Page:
Rent your very own satellite for just $250 a week

By on July 12, 2013, 8:30 AM
education, science, satellite, space, space exploration, ardusat, miniature satellite, nanosatisfi, rent

Space exploration is a field traditionally reserved for established scientists; however, cube satellites designed by California-based NanoSatisfi could change this preconception. Unlike conventional satellites, which have prices ranging from $500 million up to $2 billion, these miniature versions can be developed for considerably less than $1 million.

According to The Verge, the satellite in question is dubbed the ArduSat and is set to launch on August 4th. For just $250 a week, any interested parties can borrow the tiny vessel and explore everything that outer space has to offer. Despite the inexpensive rental costs, the ArduSat appears to be the real deal; it is fitted with multiple cameras, a Geiger counter, a magnetometer, and an ambient light sensor. So how small are we talking? Early reports suggest that the satellite measures just 10 centimeters wide and weighs a mere 2.2 lbs.

The real potential of the ArduSat is that it has opened up the doors of space exploration to everyday people, especially elementary school children and other young scientists.  Individuals now have the ability to inexpensively track meteorites, map the earth’s magnetic field, and take photos detailing both the spectrum of the sun as well as the eye of a hurricane. The possibilities are endless.

Peter Platzer, the CEO of NanoSatisfi, added, “Instead of huge, expensive machines, each of which is different, we have smaller, cheaper craft built on a single standard that allows anyone to create improvements for them. We’re taking Moore’s law, and we’re moving it into space.”

Currently, education is the company’s main priority. NanoSatisfi has already enlisted ten schools for the pilot program, and has formed a partnership with NASA to optimize its research and educational outreach. The company has also received  upwards of $100,000 through its initial Kickstarter campaign, as well as $1.2 million from external investors.

For those interested, here is a quick video detailing the ArduSat project.




User Comments: 12

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1 person liked this | cliffordcooley cliffordcooley, TechSpot Paladin, said:

Just great!! Another personal reason to trash orbit some more. Cleanup the crap already in orbit before you trash it even worse. No wait, I've got a better idea, keep the sh-t in your backyard.

Guest said:

I like this idea mainly because it puts some trash in earths orbit that we cant leave the planet..the outer planets or now safe from the virus called humanity.

1 person liked this | Skidmarksdeluxe Skidmarksdeluxe said:

What about clearing away all the other junk floating in earths orbit that no longer functions before chucking any more stuff up there or will we only worry about that when it's too late...

JC713 JC713 said:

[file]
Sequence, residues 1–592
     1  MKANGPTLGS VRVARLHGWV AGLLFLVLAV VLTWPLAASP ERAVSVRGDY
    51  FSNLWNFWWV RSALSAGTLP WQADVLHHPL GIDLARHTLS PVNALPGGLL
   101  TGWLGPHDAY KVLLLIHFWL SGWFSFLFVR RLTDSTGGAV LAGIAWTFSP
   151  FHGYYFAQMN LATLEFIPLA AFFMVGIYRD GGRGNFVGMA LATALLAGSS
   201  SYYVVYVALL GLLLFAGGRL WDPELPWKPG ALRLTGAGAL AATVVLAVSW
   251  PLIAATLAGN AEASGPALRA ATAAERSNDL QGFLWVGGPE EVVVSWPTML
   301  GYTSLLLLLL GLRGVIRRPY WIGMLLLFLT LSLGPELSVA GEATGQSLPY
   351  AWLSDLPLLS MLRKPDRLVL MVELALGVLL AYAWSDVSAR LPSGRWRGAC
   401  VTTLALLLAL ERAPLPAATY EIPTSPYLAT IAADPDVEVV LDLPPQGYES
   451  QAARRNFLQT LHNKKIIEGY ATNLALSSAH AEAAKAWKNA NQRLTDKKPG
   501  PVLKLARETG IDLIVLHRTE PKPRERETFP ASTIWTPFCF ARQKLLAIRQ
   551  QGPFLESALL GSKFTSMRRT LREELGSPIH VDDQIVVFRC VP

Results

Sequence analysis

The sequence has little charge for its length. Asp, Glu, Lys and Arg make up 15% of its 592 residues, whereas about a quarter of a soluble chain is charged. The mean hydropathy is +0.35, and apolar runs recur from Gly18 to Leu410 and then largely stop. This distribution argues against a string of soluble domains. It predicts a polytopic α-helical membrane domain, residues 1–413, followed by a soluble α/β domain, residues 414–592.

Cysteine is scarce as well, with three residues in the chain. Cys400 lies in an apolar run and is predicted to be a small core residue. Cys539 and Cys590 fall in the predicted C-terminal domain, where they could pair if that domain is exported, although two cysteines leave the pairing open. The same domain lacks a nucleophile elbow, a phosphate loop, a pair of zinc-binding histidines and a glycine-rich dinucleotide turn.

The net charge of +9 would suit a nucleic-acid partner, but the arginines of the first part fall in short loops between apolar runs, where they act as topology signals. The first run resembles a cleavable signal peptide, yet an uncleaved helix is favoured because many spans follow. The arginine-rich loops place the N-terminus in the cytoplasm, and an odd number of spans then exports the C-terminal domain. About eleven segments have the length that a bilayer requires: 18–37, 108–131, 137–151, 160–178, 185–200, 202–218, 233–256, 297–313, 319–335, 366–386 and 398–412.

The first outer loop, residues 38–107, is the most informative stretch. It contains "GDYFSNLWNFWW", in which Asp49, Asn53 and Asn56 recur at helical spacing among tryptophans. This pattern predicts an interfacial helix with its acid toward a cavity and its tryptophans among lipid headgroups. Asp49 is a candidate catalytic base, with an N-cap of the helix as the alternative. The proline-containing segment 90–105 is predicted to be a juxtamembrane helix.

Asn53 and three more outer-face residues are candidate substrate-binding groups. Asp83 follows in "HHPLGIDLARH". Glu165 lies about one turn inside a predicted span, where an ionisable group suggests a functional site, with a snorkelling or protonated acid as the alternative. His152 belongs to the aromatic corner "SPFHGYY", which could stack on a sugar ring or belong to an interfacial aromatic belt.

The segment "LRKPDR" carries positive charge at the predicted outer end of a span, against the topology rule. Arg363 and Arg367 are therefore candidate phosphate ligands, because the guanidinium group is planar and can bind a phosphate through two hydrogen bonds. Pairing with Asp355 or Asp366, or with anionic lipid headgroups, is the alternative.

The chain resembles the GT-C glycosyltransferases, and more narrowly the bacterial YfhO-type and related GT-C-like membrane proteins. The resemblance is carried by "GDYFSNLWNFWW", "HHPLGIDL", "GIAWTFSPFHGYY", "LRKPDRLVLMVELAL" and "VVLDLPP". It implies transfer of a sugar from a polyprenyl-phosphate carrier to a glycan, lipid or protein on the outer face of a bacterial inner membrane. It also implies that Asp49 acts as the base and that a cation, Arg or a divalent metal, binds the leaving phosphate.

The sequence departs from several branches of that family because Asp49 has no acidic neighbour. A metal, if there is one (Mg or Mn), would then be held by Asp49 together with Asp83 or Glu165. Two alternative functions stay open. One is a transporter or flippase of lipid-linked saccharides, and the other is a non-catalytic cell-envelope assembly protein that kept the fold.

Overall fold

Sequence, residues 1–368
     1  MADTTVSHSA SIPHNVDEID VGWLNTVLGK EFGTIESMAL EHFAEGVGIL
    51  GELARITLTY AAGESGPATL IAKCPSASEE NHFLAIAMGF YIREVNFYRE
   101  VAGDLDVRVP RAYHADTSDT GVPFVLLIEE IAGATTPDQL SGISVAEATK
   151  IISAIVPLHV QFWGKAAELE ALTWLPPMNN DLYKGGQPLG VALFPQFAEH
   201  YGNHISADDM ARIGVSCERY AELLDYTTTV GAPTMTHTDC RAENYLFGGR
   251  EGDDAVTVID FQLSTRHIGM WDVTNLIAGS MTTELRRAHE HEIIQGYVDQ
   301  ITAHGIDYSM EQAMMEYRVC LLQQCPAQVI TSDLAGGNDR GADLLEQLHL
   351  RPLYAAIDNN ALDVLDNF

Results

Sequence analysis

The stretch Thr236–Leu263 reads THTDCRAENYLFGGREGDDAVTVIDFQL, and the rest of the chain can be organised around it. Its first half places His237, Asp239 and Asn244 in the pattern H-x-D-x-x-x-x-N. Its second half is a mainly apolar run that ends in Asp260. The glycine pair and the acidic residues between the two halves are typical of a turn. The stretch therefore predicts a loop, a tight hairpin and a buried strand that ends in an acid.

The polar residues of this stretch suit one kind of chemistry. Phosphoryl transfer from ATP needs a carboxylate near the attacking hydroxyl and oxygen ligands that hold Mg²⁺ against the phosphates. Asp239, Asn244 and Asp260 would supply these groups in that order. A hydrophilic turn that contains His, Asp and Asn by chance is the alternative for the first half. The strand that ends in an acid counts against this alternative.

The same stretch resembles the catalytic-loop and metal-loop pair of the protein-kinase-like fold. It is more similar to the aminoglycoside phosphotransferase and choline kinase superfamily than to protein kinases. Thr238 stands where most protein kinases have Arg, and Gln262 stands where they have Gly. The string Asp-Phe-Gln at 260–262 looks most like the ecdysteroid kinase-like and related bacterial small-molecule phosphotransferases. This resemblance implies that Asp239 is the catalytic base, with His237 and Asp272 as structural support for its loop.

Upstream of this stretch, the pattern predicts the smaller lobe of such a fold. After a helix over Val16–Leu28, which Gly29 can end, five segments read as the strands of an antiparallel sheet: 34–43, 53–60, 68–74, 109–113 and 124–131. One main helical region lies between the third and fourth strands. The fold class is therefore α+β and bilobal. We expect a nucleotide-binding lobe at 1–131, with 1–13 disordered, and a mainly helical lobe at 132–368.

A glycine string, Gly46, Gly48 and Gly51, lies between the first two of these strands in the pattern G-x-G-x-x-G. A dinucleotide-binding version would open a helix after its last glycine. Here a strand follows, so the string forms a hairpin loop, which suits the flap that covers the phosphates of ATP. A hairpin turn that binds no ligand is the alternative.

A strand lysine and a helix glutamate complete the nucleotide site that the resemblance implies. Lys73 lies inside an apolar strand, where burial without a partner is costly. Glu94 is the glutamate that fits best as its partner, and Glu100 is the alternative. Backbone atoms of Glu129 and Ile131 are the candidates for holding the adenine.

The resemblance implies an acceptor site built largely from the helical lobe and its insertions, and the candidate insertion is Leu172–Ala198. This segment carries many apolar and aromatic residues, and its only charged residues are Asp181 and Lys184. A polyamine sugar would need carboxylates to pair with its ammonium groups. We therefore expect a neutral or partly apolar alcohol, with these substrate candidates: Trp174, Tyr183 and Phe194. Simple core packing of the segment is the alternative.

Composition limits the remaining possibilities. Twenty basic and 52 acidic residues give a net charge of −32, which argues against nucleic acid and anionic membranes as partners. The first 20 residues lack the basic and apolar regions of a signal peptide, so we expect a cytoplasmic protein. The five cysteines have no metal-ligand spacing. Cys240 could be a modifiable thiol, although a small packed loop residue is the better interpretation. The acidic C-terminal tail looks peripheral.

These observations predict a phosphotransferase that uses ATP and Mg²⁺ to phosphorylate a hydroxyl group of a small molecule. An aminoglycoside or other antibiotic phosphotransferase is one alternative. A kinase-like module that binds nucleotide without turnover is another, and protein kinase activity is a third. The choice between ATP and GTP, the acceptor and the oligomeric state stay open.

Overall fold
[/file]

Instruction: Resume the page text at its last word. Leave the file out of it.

This is cool but as the others said, there is already too much trash up in space.

TrueBooleanFals TrueBooleanFals said:

Not enough garbage in space... it's huge, throw everything in space!!!! EVERYTHING!!!

cliffordcooley cliffordcooley, TechSpot Paladin, said:

throw everything in space!!!! EVERYTHING!!!

No need in that, I see plenty of room right here.

Guest said:

All orbiting payloads should be required to self destruct within 10 years of launch.

Junk problem solved, or at least maintained.

Guest said:

"All orbiting payloads should be required to self destruct within 10 years of launch. Junk problem solved, or at least maintained."

..when all orbiting payloads self destruct into pieces--> what left from them still scatters in the space.. how can you tell the problem solved?

1 person liked this | PinothyJ said:

"All orbiting payloads should be required to self destruct within 10 years of launch. Junk problem solved, or at least maintained."

..when all orbiting payloads self destruct into pieces--> what left from them still scatters in the space.. how can you tell the problem solved?

Small space junk is far more dangerous than big space junk ?

Khanonate said:

"All orbiting payloads should be required to self destruct within 10 years of launch. Junk problem solved, or at least maintained."

..when all orbiting payloads self destruct into pieces--> what left from them still scatters in the space.. how can you tell the problem solved?

Small space junk is far more dangerous than big space junk ?

It doesn't matter if its big or small, all space junk are dangerous.

Khanonate said:

I don't know how it did that... I typed "It doesn't matter if its big or small, all space junk are dangerous".

cliffordcooley cliffordcooley, TechSpot Paladin, said:

It doesn't matter if its big or small, all space junk are dangerous.
Yeah but the small crap would be more difficult to see and navigate around. It would be abit like walking around a bolder while trying not to step on the pea gravel around it.

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